fear factor

How Scary Is It Comes at Night?

Joel Edgerton in It Comes at Night. Photo: A24

Last year, A24 landed a major hit with its haunting period thriller The Witch. The movie premiered at Sundance, and earned Robert Eggers the festival’s top directing prize. It delivered a solid financial performance for a small-budget property, and landed at or near the top of many year-end best of horror lists (including the No. 1 spot in Vulture’s own 2016 roundup.) Alongside titles like It Follows and The Babadook, The Witch has since become a standard-bearer for the current era of prestige horror, and A24 is so keen to repeat its success that it’s rolling out a new thriller that feels like an emotional companion to last year’s fear-what’s-in-the-woods hit.

It Comes at Night is the studio’s latest eerie art-house offering, and it takes a lot of cues from what made The Witch so successful: It, too, features an isolated family in the heart of an ominous forest and focuses its drama on what happens when paranoia starts to dissolve the social contract. Director Trey Edward Shults goes big on mood for his sophomore feature, and creates an intimate, immersive world in which to dismember any sense of hope for all ye who would enter the theater. But is it effective? Here now is an investigation of the central question: Just how scary is It Comes at Night?

First of all, did I see Joel Edgerton in the trailer?
You did. After turning creepy for The Gift in 2015, Edgerton delivers another disarming performance here. You also might have noticed Christopher Abbott, otherwise known as Charlie from Girls, and Riley Keough, of Girlfriend Experience fame. This is only the second movie from Shults, but his debut, 2015’s Krisha, is an excellent drama as well.

What is this movie actually about? The trailers leave it pretty vague.
A slowly unfolding mystery is really the entire point of It Comes at Night, but it won’t spoil your experience to know that the movie focuses on a family — a husband (Edgerton), wife, their teenage child, and briefly a grandfather — living in an isolated cabin in the woods, who have fortified their home against invaders both human and nonhuman (whatever that may mean). The relative stability of their compound is disrupted when a drifter (Abbott) breaks into the house seeking food and water for himself, his wife (Keough), and their little boy. From there, it becomes a tense war between honoring social norms and surrendering to a brutal state of nature.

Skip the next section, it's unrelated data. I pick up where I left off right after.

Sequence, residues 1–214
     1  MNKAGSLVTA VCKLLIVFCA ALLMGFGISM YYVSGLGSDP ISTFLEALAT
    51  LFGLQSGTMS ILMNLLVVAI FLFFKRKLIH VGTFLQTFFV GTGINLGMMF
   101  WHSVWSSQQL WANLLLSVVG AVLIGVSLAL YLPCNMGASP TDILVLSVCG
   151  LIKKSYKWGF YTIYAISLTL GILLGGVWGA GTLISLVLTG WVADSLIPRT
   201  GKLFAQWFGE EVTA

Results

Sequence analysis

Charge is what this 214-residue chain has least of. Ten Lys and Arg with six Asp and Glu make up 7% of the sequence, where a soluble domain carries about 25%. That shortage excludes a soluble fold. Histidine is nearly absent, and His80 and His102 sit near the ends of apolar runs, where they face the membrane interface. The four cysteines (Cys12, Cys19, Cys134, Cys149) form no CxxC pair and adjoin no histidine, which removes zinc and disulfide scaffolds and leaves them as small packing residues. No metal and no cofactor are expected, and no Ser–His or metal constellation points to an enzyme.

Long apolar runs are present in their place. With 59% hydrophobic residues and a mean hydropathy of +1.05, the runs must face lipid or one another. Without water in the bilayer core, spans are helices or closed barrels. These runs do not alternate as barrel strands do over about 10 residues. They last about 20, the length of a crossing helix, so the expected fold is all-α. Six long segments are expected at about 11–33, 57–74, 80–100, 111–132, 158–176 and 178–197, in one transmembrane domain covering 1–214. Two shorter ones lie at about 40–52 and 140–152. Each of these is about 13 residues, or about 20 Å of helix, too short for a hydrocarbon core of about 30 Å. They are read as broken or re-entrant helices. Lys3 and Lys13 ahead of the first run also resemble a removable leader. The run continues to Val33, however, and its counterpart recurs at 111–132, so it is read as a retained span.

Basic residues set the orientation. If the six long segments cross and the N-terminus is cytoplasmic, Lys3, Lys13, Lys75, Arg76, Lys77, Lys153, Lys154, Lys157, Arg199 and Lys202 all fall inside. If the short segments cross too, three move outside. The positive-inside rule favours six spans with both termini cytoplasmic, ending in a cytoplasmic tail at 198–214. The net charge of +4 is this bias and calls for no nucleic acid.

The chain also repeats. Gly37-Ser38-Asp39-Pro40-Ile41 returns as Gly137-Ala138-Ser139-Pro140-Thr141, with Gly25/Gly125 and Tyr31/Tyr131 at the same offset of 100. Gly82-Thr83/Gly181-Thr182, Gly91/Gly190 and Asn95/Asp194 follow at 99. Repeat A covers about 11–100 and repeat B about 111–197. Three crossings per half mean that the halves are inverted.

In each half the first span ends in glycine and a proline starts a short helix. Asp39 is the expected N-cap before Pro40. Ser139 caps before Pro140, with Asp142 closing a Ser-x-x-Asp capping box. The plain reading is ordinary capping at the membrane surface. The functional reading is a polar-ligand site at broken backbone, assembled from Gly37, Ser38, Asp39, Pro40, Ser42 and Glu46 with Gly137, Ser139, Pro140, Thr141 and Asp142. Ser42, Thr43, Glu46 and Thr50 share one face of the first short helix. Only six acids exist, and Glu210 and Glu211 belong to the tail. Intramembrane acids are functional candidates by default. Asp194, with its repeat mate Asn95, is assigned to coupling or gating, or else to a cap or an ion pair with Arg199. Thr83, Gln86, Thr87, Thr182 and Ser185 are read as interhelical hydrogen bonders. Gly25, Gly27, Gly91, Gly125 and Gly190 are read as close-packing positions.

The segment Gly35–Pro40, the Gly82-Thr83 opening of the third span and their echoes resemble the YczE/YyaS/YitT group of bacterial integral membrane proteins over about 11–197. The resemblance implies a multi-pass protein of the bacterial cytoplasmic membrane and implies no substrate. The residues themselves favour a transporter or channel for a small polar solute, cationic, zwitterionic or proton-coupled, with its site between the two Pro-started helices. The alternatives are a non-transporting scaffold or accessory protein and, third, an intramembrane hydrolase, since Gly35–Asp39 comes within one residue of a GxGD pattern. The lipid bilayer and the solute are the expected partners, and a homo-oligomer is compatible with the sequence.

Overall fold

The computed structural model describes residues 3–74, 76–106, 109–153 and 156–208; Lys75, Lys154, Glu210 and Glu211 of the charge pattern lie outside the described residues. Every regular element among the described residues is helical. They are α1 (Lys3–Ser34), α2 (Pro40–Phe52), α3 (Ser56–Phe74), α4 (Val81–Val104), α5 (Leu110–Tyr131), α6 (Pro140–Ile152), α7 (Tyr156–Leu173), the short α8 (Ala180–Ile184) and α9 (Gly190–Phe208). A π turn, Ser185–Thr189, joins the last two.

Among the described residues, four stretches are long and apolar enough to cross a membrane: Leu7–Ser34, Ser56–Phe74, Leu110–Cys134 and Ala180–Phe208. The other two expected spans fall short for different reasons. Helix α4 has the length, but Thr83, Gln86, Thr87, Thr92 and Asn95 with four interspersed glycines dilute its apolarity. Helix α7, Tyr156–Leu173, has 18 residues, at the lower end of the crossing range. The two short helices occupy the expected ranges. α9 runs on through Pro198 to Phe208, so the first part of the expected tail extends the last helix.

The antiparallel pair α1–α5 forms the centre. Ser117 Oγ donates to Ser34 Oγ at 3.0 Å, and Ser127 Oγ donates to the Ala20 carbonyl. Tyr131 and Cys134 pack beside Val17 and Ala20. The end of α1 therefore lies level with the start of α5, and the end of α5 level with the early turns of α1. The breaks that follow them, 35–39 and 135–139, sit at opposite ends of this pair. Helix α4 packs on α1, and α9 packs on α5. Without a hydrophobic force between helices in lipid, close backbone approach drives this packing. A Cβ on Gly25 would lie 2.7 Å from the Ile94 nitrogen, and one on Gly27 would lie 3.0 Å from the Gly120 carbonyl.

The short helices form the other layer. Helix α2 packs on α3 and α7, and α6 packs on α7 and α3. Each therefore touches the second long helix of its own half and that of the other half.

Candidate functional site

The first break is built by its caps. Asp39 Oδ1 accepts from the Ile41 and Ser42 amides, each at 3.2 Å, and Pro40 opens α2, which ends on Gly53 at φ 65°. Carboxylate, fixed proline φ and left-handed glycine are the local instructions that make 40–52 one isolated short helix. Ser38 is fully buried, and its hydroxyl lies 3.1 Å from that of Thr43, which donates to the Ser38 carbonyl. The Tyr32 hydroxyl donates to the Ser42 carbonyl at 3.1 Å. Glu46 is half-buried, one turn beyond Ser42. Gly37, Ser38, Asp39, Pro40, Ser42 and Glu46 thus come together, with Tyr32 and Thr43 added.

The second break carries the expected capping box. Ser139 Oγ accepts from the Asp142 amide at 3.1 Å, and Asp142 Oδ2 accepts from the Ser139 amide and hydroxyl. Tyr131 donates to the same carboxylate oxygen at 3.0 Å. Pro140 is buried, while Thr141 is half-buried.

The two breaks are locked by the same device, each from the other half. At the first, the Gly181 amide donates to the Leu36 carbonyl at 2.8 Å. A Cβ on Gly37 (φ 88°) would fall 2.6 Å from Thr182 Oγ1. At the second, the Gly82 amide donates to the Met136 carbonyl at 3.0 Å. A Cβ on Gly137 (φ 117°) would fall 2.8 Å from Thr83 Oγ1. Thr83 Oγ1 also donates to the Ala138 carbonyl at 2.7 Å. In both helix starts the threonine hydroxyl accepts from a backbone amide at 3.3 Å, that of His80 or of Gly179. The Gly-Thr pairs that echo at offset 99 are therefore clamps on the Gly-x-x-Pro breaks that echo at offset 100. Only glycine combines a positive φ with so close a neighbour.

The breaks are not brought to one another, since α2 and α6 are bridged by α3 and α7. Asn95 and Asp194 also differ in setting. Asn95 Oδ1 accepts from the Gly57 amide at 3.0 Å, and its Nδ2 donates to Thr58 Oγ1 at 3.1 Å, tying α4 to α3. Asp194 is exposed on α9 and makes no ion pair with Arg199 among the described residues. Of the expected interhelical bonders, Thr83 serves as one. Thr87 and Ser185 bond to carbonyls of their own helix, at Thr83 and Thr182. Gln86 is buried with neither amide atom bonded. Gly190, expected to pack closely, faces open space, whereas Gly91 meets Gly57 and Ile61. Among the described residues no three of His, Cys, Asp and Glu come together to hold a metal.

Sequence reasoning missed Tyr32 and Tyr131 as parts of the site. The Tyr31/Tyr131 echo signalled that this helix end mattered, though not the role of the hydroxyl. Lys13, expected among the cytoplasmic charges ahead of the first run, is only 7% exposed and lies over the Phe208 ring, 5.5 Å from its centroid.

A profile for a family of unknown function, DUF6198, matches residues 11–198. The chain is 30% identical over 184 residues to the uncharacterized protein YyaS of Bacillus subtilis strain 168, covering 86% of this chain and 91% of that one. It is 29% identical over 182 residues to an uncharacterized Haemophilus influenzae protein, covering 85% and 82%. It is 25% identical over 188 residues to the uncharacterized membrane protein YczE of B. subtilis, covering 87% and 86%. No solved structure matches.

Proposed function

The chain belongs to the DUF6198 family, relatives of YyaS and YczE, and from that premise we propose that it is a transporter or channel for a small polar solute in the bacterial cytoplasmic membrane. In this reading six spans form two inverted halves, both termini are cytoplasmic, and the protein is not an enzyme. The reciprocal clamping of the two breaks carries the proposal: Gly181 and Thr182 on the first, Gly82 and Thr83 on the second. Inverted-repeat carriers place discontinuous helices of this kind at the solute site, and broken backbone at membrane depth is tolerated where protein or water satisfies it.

The trailers also look really intense, and imply there might be zombies. Is this another zombie movie?
This is an important question. While the trailers for It Comes at Night are great, they are also pretty misleading. Still, it’s hard to blame A24; this is a tough movie to sell outright. The trailers imply a deadly urgency, when the whole story is actually an exercise in patience. It Comes at Night feels as much like a survival horror video game as it does a movie, which makes sense considering Shults credits The Last of Us as one of his major inspirations. If you show up expecting structured scares and pulse-pounding action, you will be disappointed. Better to expect your whole body to slowly tense up, and maybe to dig your nails into your hands till they bleed. The first half of the first teaser trailer is probably your most honest look at what to expect.

Sounds good. Is it actually scary, though?
I’ll put it this way: It Comes at Night is a feel-bad movie. It’s about mood and dread and the terror of wondering how far you’d go to survive after the apocalypse. Shults’s best accomplishment might be that he makes viewers their own worst enemy — your paranoia is a more powerful engine of fear than whatever is happening onscreen. And the whole thing is beautifully shot: The abundant shadows almost become characters unto themselves as you wonder what might be hiding within them. Just don’t expect to scream your way through this one. The truly frightening prospect is just how hopeless you’re likely to feel by the time it ends.

Do you have any recommendations for similar movies?
The 2009 adaptation of Cormac McCarthy’s The Road is a similarly relentless rumination on what happens after the apocalypse, and it makes the similar move of dropping you into a terrible place without any exposition to guide you along. Another movie that will play with your perception of protagonists and antagonists is the excellent German movie Goodnight Mommy from 2015. There is also, of course, The Witch, for a highly art-directed horror about what dangers lie in the woods.

How Scary Is It Comes at Night?